A little longer, a lot lighter, and a leap forward
What is LT? McLaren will hate us saying this, but it is their take on Porsche’s ‘RS’ philosophy – the name given to those road cars that are lighter, faster and more focused than the car on which they’re based.
So why not call them ‘RS’, like Porsche or indeed Ford or Audi? Well, we hear this was indeed tabled but that’s not really the McLaren way so they dug into their heritage and named the car after the McLaren F1 GTR ‘Longtail’ – a homologation special that extended the F1’s competitive edge in sports car racing in the late 90s. The F1 Longtail was lighter, faster and yes, longer; and so is this.
In time, the full McLaren range is likely to get the LT treatment – but this was the first. And what a debut. No question, the 675LT – available as a coupé and spider – is absolutely sensational. In just three years, values have remained solid, owners rave about them, and collectors see them as a genuine future classic.
Based on the 650S road car, itself an evolution of the 2011 12C (McLaren’s first car of the new era of road car production), the 675LT features carbon-fibre bodywork, a 666bhp V8 twin-turbo engine and revised aerodynamics. Downforce is increased by 40 per cent over the 650S, power by 3 per cent and the weight reduced by 100kg to 1230kg (dry).
In addition, the shift time of the seven-speed dual-clutch gearbox is twice as fast, the wheels ultra-lightweight forged alloy items and the windscreen 1mm thinner. You may look upon these as incremental changes that amount to little in total, and the meagre 3cm increase in overall length may compound your view, but you’d be wrong. The McLaren 675LT is a giant leap over the 650S both in terms of performance and driver enjoyment. The latter is the important point here; with the 675LT McLaren has created a more adjustable, and more playful driver’s car.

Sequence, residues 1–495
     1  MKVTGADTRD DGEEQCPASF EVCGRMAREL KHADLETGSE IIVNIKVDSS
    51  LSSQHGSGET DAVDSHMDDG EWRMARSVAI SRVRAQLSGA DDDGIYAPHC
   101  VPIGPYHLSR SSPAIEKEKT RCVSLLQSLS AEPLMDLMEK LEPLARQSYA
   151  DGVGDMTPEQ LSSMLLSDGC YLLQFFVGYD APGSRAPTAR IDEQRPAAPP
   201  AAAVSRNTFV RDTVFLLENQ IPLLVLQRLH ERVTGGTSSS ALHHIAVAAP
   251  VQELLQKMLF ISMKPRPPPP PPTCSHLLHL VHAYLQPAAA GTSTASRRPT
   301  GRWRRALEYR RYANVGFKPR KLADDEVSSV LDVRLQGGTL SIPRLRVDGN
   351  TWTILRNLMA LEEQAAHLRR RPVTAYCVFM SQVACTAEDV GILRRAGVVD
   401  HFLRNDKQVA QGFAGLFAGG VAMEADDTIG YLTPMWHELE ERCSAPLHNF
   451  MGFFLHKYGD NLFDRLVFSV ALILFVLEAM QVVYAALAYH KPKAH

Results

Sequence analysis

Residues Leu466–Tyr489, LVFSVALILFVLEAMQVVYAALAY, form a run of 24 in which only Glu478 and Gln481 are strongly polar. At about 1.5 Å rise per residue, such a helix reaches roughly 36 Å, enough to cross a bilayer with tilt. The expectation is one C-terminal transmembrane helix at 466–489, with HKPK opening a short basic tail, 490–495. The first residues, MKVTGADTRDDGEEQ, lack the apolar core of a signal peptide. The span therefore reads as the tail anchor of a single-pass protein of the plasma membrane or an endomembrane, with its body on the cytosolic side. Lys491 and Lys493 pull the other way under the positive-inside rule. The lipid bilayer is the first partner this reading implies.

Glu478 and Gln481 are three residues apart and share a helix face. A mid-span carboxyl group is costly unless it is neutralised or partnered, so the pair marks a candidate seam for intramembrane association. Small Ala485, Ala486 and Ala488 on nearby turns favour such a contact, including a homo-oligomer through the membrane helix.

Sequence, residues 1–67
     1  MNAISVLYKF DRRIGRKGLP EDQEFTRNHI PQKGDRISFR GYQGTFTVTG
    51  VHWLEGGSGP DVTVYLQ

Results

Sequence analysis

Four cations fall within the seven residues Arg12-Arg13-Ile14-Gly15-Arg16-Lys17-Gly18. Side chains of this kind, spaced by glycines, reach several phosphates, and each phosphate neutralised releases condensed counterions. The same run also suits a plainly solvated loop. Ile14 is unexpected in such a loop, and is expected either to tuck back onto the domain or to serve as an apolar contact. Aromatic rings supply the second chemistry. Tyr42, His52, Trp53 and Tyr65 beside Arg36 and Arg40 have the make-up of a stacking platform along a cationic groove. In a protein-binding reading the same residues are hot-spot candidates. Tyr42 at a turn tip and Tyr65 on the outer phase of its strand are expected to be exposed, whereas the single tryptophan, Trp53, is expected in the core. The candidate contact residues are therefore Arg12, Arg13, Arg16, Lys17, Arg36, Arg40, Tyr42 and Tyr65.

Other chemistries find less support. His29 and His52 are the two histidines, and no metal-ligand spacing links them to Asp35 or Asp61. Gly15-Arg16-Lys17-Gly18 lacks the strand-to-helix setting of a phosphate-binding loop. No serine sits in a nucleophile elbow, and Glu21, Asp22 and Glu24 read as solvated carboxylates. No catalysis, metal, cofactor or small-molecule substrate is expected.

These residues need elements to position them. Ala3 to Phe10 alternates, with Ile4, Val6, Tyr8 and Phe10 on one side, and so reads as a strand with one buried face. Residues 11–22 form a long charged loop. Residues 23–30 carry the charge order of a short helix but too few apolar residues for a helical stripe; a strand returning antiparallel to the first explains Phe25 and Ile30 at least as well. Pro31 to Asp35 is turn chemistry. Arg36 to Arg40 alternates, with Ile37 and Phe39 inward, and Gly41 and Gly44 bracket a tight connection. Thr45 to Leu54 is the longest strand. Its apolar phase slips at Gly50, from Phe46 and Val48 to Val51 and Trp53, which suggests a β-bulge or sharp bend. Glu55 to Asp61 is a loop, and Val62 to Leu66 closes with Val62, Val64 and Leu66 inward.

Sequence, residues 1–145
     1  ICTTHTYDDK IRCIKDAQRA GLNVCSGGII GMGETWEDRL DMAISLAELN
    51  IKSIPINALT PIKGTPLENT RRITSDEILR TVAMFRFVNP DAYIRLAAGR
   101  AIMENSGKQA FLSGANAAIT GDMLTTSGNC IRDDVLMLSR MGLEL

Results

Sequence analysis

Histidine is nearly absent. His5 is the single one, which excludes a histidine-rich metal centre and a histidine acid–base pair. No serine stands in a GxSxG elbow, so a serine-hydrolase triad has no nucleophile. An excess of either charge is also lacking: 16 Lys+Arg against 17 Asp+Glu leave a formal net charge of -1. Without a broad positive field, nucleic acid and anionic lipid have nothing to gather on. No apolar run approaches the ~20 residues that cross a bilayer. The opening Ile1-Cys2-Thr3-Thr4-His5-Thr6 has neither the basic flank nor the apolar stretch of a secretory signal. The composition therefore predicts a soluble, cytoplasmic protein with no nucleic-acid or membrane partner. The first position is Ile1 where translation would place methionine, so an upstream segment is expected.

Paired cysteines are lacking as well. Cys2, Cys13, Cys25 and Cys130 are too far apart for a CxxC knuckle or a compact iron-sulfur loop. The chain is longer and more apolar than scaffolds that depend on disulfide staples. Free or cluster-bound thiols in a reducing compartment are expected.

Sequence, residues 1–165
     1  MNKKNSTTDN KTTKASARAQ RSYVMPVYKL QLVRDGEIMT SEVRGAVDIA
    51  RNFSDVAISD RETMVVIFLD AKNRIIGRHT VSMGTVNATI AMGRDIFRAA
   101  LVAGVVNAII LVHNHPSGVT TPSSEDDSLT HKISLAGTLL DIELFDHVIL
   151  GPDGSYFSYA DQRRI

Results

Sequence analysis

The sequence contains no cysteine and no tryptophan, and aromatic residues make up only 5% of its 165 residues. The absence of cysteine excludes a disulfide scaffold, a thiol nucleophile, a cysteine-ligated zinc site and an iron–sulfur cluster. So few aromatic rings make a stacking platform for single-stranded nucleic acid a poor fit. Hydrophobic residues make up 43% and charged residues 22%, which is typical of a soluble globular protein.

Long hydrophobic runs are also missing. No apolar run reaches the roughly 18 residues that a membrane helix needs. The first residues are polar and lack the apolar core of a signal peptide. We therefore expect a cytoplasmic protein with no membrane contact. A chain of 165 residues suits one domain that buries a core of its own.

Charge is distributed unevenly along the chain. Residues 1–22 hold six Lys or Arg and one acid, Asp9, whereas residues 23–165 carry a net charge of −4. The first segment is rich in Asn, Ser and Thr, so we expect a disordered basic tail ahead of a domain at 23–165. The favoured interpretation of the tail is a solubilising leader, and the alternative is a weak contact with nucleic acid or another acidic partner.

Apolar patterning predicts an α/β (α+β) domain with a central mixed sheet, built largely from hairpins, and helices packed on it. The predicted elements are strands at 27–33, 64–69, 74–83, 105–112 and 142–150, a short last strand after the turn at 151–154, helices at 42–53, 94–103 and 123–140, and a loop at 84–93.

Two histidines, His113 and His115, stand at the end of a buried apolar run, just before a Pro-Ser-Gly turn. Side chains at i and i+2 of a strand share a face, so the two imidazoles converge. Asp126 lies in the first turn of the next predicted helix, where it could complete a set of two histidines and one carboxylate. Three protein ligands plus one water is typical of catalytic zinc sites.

Such is its brilliance on track, many of the 1000 675LTs have seen plenty of circuit action and therefore buyers will need to ensure that the car has been thoroughly serviced. There are reports of minor niggles, but mechanically the LT appears to be very tough indeed.
So what’s not to like? The price? Maybe, but it’s worth reading dealer Carl Hartley’s view on that below… Coupés start at £260,000 (the price they were new) and rise to £300k for the best specced models, and Spiders tend to sit at just above £310,000. However, this is not just one of the best McLaren road cars ever made – this is one of the best performance cars in the last few years.
Price new: £261,555 (coupé), £285,450 (Spider) Price now: From £260k (coupé) & £310k (Spider) Rivals: Porsche 911 GT2 RS, Lamborghini Aventador SV, Ferrari 458 Speciale/Aperta Heritage: The first LT of the modern era. Inspired by the F1 Longtail. Lighter, faster – and yes a bit longer…